Intuition and knowledge alone are not the only things involved in the Power of Connection. The final ingredient is empathy. Being able to figure out why someone is struggling with a process, or unwilling to consider alternative approaches, or skeptical of change, is what enables one's intuition and knowledge to find an answer that works for everyone.

 Has there ever been a time when you needed to flex your power to accomplish something?

When is there not? 😂 With processes and data rules needing to adapt due to external factors, there are times when various team members get “lost in the weeds,” so to speak. Many times, this drives them to start adding layers of complexity to solutions which aren’t really necessary, because the problem isn’t as complex as they are imagining. This is the point where having the power to cut through the nonsense, strip the problem down to its most basic structure, and steer the team back towards the least complex measure that will solve the problem, is key.

One example I always think of is "when we needed to standardize a naming convention for bundled products (where a customer can reference one SKU to order this product model bundled with these specific other models and/or accessories.) A Product Director of a major class of products proposed there be a certain letter added into the bundle SKU, at the 8th position for some products, but at the 7th position for these others, but with exceptions for…

And that’s when I said no. Nope. No way. People will always be guessing if that’s a bundle SKU, plus it’s harder to manage from a data standpoint. Instead, we’re going to add a simple suffix to the end. The same suffix will go on all bundle SKUs, regardless of the product type.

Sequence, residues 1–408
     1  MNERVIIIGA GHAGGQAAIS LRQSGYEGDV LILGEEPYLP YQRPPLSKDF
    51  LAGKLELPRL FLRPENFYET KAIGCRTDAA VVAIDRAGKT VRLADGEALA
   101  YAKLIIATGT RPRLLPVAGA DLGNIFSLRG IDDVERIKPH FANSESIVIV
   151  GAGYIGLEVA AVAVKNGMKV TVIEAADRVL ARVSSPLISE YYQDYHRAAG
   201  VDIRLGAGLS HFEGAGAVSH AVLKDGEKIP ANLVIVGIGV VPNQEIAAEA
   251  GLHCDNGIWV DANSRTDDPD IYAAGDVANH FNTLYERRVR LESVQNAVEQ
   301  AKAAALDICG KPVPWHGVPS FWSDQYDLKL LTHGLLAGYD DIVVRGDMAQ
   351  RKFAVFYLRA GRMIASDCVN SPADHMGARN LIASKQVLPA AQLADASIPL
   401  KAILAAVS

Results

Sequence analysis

I had no actual authority to mandate this. I’m not anyone’s manager, and even though we both report to VPs, this director is two levels above me in the corporate pecking order. These would be the SKUs that all customers of our $1B+ company see. But as it turned out, the power to connect this director to the more elegant and easier to use solution was more important than any corporate authority I could wield!

 Fill in the blank: I feel most in my power when I _______.

 …am trying to accomplish something difficult in Smartsheet and end up writing just the coolest and most unique formula I’ve ever written, which then makes it possible to complete a co-worker’s ‘impossible’ ask!

 What does your power mean to you? 

Honestly, it means everything to me. It’s so ingrained in what I do and how I live, not just at work but in everyday life as well. From family dynamics to social media to home repairs, I use it all the time. When I was interviewing with my current employer, the VP asked me what my dream job is. “That’s easy,” I said. “Super-wealthy philanthropist, but nobody is hiring for that right now. So, second place would be a position where I get to learn things and solve problems, so that everything runs better tomorrow than it did yesterday, including me.